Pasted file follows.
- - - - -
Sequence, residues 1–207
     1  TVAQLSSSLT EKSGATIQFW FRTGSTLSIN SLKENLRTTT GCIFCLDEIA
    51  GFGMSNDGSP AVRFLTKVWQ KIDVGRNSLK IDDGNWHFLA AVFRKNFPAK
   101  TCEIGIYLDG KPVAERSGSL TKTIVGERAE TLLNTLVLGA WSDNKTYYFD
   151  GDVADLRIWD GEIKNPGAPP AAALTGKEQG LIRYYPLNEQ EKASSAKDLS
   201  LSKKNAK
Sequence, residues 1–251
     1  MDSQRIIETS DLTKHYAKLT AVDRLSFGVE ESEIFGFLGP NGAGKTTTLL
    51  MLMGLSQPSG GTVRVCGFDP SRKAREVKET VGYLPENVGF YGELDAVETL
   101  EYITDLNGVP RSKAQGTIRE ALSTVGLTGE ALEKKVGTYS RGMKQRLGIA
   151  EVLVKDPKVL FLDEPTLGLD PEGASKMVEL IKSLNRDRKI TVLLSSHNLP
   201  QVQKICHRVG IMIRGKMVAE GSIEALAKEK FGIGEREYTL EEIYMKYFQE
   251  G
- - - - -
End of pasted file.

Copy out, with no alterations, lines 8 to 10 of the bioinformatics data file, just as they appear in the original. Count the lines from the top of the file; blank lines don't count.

     1  MDSQRIIETS DLTKHYAKLT AVDRLSFGVE ESEIFGFLGP NGAGKTTTLL
    51  MLMGLSQPSG GTVRVCGFDP SRKAREVKET VGYLPENVGF YGELDAVETL
   101  EYITDLNGVP RSKAQGTIRE ALSTVGLTGE ALEKKVGTYS RGMKQRLGIA